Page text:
- Use the periodic table to identify atom properties such as groups and electron configurations.
- Elements are organized by period and group, with the period corresponding to the principle energy level, and the group relating to the extent the subshells are filled.
- The properties of an atom relate directly to the number of electrons in various orbitals, and the periodic table is much like a road map among those orbitals such that chemical properties can be deduced by the position of an element on the table.
- The electrons in the outermost or valence shell are especially important because they can engage in the sharing and exchange that is responsible for chemical reactions.
- quantum numberOne of certain integers or half-integers that specify the state of a quantum mechanical system (such as an electron in an atom).
- electron shellThe collective states of all electrons in an atom having the same principal quantum number (visualized as an orbit in which the electrons move).
- orbitalA specification of the energy and probability density of an electron at any point in an atom or molecule.
Major Divisions of the Periodic Table
The periodic table is a tabular display of the chemical elements organized on the basis of their atomic numbers, electron configurations, and chemical properties. Elements are presented in increasing atomic number. The main body of the table is a 18 × 7 grid. Elements with the same number of valence electrons are kept together in groups, such as the halogens and the noble gases. There are four distinct rectangular areas or blocks. The f-block is usually not included in the main table, but rather is floated below, as an inline f-block would often make the table impractically wide. Using periodic trends, the periodic table can help predict the properties of various elements and the relations between properties. It therefore provides a useful framework for analyzing chemical behavior and is widely used in chemistry and other sciences.
The electrons in the partially filled outermost shell (or shells) determine the chemical properties of the atom; it is called the valence shell. Each shell consists of one or more subshells, and each subshell consists of one or more atomic orbitals.
The properties of an atom depend ultimately on the number of electrons in the various orbitals, and on the nuclear charge which determines the compactness of the orbitals. In order to relate the properties of the elements to their locations in the periodic table, it is often convenient to make use of a simplified view of the atom in which the nucleus is surrounded by one or more concentric spherical “shells,” each of which consists of the highest-principal quantum number orbitals that contain at least one electron; these are s- and p-orbitals and can include d- or f-orbitals, which is atom dependent. The shell model, as with any scientific model, is less a description of the world than a simplified way of looking at it that helps us to understand and correlate diverse phenomena.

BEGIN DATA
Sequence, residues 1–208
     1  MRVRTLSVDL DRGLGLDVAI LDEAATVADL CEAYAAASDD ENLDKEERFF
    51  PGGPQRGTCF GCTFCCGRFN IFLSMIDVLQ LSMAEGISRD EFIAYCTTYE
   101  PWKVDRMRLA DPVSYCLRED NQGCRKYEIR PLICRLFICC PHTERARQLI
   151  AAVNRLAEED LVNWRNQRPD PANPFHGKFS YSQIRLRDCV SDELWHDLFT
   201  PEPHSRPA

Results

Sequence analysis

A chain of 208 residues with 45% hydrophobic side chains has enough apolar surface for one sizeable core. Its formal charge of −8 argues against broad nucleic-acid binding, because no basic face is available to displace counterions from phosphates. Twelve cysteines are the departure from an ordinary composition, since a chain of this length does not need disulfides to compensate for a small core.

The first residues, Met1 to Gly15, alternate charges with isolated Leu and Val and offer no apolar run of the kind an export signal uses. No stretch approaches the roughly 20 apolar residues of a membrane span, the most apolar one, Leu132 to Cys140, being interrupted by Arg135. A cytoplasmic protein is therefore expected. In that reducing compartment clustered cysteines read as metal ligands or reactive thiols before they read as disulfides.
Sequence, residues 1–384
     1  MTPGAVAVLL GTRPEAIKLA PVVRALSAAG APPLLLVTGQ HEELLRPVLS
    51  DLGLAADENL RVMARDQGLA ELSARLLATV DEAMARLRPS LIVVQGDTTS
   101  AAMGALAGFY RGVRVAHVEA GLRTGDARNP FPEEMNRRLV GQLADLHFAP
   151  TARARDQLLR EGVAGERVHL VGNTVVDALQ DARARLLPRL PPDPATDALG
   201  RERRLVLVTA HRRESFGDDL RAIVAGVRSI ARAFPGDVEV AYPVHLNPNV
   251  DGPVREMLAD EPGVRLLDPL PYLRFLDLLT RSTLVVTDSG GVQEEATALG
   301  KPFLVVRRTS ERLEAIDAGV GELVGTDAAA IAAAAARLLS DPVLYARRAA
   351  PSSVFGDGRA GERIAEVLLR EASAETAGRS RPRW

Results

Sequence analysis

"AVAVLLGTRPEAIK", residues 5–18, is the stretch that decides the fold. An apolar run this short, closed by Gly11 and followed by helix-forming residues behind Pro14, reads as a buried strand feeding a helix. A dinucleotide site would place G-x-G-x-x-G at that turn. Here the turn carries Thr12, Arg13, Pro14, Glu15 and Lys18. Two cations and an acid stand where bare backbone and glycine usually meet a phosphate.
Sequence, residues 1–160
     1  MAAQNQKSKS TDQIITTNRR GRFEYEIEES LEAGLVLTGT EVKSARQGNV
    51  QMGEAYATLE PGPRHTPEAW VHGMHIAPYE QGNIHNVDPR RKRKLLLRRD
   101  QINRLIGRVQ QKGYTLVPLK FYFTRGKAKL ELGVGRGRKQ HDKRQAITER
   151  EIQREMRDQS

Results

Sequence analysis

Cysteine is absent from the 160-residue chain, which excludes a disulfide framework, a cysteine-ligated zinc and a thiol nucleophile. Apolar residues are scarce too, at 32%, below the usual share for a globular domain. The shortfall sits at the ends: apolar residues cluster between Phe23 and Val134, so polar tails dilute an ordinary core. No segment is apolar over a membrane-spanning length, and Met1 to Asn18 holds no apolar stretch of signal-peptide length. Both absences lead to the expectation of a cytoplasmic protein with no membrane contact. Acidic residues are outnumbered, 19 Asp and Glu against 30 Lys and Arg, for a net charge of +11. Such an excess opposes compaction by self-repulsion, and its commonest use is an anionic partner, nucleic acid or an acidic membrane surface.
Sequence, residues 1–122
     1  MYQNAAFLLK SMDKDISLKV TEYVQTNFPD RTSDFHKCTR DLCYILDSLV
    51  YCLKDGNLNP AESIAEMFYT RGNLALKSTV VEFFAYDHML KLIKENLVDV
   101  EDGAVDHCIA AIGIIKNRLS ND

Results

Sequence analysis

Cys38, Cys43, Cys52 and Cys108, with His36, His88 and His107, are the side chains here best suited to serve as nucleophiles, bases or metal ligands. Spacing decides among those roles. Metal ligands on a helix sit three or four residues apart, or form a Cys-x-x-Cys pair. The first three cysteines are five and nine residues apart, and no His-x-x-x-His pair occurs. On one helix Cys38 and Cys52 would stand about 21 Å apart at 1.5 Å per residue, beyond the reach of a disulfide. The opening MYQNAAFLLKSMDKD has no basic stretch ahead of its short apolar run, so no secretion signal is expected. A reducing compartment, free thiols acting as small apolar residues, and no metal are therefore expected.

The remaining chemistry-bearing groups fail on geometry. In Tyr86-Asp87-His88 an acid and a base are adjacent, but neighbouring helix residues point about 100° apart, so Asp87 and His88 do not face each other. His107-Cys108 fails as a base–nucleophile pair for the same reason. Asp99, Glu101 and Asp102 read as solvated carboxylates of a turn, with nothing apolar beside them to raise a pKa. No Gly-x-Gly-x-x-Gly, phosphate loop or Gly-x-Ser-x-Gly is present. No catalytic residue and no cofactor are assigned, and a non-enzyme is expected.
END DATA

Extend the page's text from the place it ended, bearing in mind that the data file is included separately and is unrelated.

We will look at several visualizations of the periodic table. First, however, it would be instructive to see how it is constructed from a logical viewpoint. The table today is the result of an ongoing effort of more than 100 years of observation, measurement, prediction and proof of the relationships of chemical and physical phenomena to electron configurations and charges.
Periods 1, 2, & 3
Starting with simple elements, the first three rows of the periodic table, called Periods 1, 2 and 3, correspond to the n=1, n=2 and n=3 levels.
Hydrogen has 1 electron in the 1s level, and to the right, helium, in Group 18, has 2 electrons in the 1s level, a completely filled shell, the duet rule. Helium is the first in the series of noble gases. Moving down to Period 2, lithium is the first element in the row, with a filled 1s configuration. Across the period, first the 2s and then the 2p orbitals fill, arriving at the configuration for neon, following the octet rule. Period 3 follows a similar pattern. Please note that the number of outer-shell electrons is the major determinant of the element’s valence.
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